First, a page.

An important characteristic of the glucagonostatic effect of pramlintide is that it is overridden in the presence of hypoglycemia. A study in patients with type 1 diabetes found that pramlintide does not suppress glucagon concentrations in response to insulin-induced hypoglycemia,40 and similar observations have been made in rodents treated with amylin.41
Another important mechanism of action of pramlintide is its effect on gastric emptying. Studies of pramlintide in patients with diabetes have shown that it slows the rate of nutrient delivery from the stomach to the small intestine with both solid and liquid meals.42,43 At the doses of pramlintide used in long-term clinical trials, the half-gastric emptying time was prolonged by ∼90 minutes. Thus, pramlintide administration slows gastric emptying to effectively limit postprandial glucose excursions while still allowing complete emptying of the stomach between meals.42–44
Experimental investigations in rodents indicate that the effects of amylin, and by inference pramlintide, on nutrient delivery are mediated via a central pathway that involves the area postrema and visceral efferents of the vagus nerve. The area postrema in the brainstem contains a high density of amylin binding sites,45–48 and is exposed to changes in plasma amylin and glucose concentrations because it does not have a blood-brain barrier. Selective lesioning of the area postrema and/or bilateral vagotomy abolishes the effect of amylin on gastric emptying,49,50 demonstrating the importance of this central pathway in mediating amylin’s physiological functions. An important characteristic of the effect of amylin to slow gastric emptying is that this action is dependent on the ambient glucose level, i.e., it is overridden in the presence of hypoglycemia.51
Pramlintide Improves Long-Term Glycemic and Weight Control
The effects of pramlintide therapy on long-term glycemic control in patients with insulin-requiring type 1 or type 2 diabetes have been investigated in four double-blind, placebo-controlled, parallel-group, multicenter studies of 12 months’ duration.52–55 In all of these studies, subcutaneous injections of pramlintide were administered in addition to the patients’ existing insulin regimens (add-on design).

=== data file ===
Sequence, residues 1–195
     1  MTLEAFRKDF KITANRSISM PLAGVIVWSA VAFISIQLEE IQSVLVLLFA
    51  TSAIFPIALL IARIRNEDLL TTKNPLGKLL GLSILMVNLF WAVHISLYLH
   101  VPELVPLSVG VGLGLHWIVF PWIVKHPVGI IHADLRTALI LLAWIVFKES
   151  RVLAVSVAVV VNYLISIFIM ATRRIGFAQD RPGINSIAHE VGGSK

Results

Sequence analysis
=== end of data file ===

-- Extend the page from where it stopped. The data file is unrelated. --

These studies consistently demonstrated that the addition of pramlintide to pre-existing insulin therapy improved overall glycemic control in patients with either type 1 or type 2 diabetes, as evidenced by significant reductions in A1C of ∼0.5–1.0% from baseline and ∼0.3–0.5% compared to placebo (Figure 5, A and B).52,53 Furthermore, the proportion of patients who were able to achieve ADA glycemic targets (A1C <7%) was two- to threefold greater with pramlintide plus insulin than with insulin alone. Importantly, the improvements in glycemic control seen in the pramlintide-treated patients were generally achieved without increases in insulin dosage over the duration of the study. On the contrary, total daily insulin doses were generally lower among pramlintide- compared to placebo-treated patients, a finding consistent with the effects of pramlintide being complementary to those of insulin.
Of even greater clinical significance is the consistent finding in these studies that the improved glycemic control observed in patients who received pramlintide in addition to their usual insulin regimen was not associated with weight gain. Conversely, the reductions in A1C with pramlintide therapy were generally associated with a mean weight loss (Figure 5, C and D).52,53
Stratification by baseline body mass index (BMI) revealed that pramlintide tended to prevent weight gain in patients who were lean at study entry and induced increasing amounts of weight loss in overweight and obese patients. This weight loss averaged 1.6 kg in patients with type 1 diabetes with a BMI >27 kg/m2 and 2.4 kg in patients with type 2 diabetes with a BMI >35 kg/m2 after treatment with pramlintide for 26 weeks.56 Pooled analyses of data from the long-term trials in patients with type 1 or type 2 diabetes showed that twice the number of pramlintide- than placebo-treated patients achieved a simultaneous reduction in both A1C and body weight.57,58